Illinois should delay next year's primary election by seven months so politicians have more time to focus on state government before turning their attention to politics, new Gov. Pat Quinn said Friday.
Quinn wants to move the 2010 primary election to September from February. The general election is in November.
In theory, the delay would mean more time before political maneuvering kicks into high gear. Quinn said elected officials need that time to address problems left behind by former Gov. Rod Blagojevich -- things like government corruption, budget deficits and rising unemployment.
"It would give us the opportunity to spend a whole year repairing damage. I think that's what you do after a political disaster and a natural disaster," Quinn said. "You have to repair the damage instead of doing the same old thing."
A delay might also help Quinn politically.
He would have more time in office to build a relationship with voters and cement himself as the incumbent before facing a challenge in the Democratic primary. It would also provide more time to raise campaign money. As lieutenant governor, Quinn did not build up a large war chest.
Quinn could face a slew of challengers, including Comptroller Dan Hynes.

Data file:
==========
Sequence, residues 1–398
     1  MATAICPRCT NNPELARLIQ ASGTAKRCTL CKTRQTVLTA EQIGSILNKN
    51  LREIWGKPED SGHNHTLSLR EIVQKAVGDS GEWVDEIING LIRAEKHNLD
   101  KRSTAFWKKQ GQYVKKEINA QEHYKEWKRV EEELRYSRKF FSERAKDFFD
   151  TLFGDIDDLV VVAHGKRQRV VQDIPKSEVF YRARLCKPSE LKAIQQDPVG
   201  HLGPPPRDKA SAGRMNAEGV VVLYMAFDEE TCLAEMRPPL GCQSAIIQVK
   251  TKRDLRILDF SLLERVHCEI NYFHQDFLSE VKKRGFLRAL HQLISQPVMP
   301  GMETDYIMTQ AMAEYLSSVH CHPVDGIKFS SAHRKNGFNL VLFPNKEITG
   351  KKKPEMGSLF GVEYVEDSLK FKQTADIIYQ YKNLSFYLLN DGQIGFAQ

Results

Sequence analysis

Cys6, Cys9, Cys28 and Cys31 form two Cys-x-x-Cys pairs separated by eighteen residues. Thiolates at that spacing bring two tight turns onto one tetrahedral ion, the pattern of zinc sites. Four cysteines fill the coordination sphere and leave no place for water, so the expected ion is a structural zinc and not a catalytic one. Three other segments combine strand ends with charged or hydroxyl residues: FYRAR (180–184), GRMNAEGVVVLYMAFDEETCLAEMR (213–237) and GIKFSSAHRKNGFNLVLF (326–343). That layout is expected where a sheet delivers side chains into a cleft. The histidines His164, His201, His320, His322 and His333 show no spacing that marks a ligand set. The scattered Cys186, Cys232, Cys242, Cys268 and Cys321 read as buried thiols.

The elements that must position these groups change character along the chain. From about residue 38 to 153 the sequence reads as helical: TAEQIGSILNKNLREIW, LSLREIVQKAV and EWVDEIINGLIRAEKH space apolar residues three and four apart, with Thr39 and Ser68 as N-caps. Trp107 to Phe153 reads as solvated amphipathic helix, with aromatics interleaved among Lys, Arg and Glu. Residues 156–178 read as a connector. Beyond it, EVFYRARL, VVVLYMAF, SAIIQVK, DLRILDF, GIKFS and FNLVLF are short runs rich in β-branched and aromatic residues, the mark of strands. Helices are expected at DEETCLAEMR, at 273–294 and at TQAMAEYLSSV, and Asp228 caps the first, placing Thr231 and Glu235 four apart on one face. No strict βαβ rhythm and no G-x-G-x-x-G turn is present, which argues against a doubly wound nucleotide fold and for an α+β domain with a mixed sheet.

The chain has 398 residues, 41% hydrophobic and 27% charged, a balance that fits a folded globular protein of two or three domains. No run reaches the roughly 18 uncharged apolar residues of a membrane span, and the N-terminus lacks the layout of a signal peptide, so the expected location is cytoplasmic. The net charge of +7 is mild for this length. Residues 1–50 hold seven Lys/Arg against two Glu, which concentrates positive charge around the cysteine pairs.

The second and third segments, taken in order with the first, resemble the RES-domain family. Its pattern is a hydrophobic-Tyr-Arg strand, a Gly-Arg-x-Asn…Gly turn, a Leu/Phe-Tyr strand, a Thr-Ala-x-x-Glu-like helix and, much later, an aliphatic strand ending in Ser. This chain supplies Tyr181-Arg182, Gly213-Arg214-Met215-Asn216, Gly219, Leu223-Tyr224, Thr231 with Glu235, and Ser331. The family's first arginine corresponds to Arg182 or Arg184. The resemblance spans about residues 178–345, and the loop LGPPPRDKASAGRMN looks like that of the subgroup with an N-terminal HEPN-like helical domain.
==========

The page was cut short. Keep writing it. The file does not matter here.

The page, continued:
Hynes hadn't reviewed the idea of moving the primary and had no reaction Friday, a spokeswoman said. Aides to two other potential candidates, Attorney General Lisa Madigan and Treasurer Alexi Giannoulias, didn't immediately return calls seeking comment.
Under the current election schedule, candidates have to start preparing in late 2009 for the primary. Then the rest of the year would be dominated by the November general election.
Illinois wouldn't be the only state with a late primary. New York also holds the election in September, with a presidential primary in February.
Rep. Jack Franks, D-Woodstock, said he has introduced legislation to delay the primary. He said it would give Quinn two full legislative sessions to focus on government before an election.
Illinois primary elections were typically held in March until last year when lawmakers scooted it up to February in an effort to help Barack Obama's presidential campaign.